The Garífuna Punta Piedra Community is an indigenous community in Honduras. In 1920, the Community was given ownership of a collective farming area. This area did not comprise the entirety of their ancestral lands. In the 1990s, the Community petitioned the State to recognize ownership of its other ancestral lands. However, by this time, there were numerous other claims to the ancestral lands of the Community. The State entered into an agreement in 2001, allocating some land to the Community and allocating other ancestral lands to third parties who were not part of the Community. The State did not fulfill all of its obligations of the 2001 agreement, and members of the Community clashed with the third parties on their ancestral lands, which resulted in the death of one of the members of the Community. The State failed to properly investigate this death, and in 2014, further harmed the Community by selling their titled land to a mining corporation. The Court found that the State violated the American Convention on Human Rights.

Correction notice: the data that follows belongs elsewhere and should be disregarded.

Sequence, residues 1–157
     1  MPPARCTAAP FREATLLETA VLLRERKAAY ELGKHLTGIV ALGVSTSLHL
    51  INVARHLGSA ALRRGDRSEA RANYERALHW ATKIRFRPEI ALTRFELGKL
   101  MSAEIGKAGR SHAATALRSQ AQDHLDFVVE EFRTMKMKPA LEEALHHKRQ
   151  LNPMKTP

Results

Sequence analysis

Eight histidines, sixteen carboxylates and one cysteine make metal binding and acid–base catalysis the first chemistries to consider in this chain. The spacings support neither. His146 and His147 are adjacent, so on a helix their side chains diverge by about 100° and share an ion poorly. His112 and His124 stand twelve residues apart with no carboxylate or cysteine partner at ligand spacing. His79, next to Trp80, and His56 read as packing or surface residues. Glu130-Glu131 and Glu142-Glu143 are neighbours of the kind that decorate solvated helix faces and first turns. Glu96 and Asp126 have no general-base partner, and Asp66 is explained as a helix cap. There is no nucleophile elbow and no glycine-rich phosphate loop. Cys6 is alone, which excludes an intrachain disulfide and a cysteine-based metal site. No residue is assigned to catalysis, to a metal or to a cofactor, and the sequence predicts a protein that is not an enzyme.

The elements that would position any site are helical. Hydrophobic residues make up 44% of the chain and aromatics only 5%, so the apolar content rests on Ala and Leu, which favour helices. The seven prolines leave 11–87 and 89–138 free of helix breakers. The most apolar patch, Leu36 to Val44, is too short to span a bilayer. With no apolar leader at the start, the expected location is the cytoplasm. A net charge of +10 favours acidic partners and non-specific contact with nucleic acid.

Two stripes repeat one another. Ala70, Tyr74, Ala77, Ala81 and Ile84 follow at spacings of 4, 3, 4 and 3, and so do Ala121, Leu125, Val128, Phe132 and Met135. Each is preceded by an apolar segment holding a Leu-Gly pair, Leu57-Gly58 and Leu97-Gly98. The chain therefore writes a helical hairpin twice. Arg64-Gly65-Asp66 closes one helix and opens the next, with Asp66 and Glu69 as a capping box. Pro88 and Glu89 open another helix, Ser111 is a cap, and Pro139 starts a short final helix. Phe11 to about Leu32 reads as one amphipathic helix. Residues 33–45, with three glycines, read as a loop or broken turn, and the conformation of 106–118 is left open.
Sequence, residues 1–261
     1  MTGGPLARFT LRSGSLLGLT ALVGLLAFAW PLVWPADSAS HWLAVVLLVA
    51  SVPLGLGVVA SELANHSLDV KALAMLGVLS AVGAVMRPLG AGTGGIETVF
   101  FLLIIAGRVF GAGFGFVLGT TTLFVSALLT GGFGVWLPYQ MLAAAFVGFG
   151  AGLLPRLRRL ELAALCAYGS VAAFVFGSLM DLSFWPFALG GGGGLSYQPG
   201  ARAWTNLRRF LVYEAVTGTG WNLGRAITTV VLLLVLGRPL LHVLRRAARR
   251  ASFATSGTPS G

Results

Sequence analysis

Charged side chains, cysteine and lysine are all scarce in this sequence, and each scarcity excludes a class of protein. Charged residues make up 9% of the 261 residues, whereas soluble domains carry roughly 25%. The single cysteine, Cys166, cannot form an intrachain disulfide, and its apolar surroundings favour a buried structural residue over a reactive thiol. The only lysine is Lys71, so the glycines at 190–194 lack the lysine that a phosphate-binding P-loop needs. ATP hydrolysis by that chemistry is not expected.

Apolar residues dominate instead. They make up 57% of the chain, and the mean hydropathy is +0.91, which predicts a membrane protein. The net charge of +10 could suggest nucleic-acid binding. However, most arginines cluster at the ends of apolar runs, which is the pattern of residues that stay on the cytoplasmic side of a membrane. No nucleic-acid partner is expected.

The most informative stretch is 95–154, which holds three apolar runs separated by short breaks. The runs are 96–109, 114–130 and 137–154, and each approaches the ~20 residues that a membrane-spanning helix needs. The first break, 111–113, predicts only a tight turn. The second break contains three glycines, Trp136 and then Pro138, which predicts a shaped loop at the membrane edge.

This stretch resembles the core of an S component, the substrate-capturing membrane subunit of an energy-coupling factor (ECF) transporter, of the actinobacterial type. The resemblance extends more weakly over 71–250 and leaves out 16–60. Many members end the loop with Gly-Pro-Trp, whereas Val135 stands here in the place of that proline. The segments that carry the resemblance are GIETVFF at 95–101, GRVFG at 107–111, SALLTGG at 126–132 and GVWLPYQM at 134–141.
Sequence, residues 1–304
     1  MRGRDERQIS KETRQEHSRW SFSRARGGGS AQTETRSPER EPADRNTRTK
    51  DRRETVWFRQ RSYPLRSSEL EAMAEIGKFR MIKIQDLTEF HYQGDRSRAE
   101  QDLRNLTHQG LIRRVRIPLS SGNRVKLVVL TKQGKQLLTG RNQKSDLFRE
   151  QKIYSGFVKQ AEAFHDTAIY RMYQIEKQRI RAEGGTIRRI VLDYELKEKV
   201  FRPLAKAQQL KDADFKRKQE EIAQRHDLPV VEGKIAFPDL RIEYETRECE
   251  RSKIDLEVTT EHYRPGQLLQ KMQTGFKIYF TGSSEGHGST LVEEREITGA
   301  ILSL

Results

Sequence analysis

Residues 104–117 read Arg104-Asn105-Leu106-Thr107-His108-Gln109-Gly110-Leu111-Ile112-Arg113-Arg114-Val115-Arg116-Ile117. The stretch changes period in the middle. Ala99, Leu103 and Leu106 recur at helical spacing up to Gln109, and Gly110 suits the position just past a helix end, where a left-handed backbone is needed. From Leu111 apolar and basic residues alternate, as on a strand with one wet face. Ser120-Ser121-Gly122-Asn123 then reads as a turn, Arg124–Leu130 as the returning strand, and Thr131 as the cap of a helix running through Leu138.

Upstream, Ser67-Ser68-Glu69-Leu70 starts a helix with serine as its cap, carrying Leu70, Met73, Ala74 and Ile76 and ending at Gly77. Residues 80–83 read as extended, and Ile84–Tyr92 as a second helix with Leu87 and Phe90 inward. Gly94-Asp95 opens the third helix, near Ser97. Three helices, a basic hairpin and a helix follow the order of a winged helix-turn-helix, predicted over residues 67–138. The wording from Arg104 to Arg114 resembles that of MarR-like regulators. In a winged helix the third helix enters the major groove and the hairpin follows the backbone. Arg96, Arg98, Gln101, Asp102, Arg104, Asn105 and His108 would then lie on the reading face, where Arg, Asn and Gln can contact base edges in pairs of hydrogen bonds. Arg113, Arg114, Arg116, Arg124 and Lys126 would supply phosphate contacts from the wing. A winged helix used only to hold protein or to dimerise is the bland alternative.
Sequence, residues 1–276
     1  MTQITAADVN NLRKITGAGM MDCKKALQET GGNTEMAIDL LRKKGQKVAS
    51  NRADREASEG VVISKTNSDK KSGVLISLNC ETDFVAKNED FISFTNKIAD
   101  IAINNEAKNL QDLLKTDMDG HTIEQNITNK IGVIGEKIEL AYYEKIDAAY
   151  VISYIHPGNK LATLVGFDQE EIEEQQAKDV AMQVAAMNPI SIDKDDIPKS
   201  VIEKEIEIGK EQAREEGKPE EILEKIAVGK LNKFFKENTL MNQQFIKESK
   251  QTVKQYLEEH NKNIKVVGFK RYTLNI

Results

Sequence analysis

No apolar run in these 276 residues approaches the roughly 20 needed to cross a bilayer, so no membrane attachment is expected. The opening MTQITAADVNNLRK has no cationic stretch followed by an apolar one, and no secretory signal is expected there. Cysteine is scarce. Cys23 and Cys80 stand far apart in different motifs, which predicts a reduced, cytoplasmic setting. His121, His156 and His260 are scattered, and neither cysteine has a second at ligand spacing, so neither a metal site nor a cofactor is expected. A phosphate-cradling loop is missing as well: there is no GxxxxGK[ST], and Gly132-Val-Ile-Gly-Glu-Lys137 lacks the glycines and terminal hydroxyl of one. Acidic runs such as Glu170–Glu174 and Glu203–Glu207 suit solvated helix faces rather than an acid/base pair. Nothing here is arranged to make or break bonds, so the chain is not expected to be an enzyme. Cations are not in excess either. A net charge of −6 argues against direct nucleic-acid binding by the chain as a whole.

Garífuna Punta Piedra Community and its Members v. Honduras
Violations Against The Inter-American Convention On Human Rights:
Did the State Accept International Responsibility?:
Did the State Raise Preliminary Objections?: